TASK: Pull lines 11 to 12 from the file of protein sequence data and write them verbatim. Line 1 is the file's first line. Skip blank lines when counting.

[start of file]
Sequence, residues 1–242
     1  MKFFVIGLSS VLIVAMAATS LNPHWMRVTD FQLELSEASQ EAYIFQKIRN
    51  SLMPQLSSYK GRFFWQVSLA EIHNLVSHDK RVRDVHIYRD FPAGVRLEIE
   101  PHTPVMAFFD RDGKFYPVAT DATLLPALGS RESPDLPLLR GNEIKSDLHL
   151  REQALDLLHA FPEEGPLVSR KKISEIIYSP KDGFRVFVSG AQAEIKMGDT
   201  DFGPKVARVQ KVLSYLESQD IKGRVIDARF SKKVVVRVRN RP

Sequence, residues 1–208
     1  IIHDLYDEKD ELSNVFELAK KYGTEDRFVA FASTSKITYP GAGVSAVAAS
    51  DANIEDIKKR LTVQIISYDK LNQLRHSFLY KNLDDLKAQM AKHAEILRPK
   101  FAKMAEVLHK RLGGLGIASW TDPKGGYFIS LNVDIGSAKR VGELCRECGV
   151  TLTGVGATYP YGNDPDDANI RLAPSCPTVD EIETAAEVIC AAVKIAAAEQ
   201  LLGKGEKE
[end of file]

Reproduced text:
   151  TLTGVGATYP YGNDPDDANI RLAPSCPTVD EIETAAEVIC AAVKIAAAEQ
   201  LLGKGEKE